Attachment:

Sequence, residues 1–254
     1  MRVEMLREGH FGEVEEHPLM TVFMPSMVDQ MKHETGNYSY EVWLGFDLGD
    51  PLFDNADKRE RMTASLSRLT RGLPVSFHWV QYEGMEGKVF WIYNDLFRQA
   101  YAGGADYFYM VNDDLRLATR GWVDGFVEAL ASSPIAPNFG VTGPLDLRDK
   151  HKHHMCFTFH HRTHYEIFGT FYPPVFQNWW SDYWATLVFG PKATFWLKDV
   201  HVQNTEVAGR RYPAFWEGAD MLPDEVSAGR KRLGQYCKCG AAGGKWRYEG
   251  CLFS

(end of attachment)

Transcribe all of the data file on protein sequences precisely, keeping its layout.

Sequence, residues 1–254
     1  MRVEMLREGH FGEVEEHPLM TVFMPSMVDQ MKHETGNYSY EVWLGFDLGD
    51  PLFDNADKRE RMTASLSRLT RGLPVSFHWV QYEGMEGKVF WIYNDLFRQA
   101  YAGGADYFYM VNDDLRLATR GWVDGFVEAL ASSPIAPNFG VTGPLDLRDK
   151  HKHHMCFTFH HRTHYEIFGT FYPPVFQNWW SDYWATLVFG PKATFWLKDV
   201  HVQNTEVAGR RYPAFWEGAD MLPDEVSAGR KRLGQYCKCG AAGGKWRYEG
   251  CLFS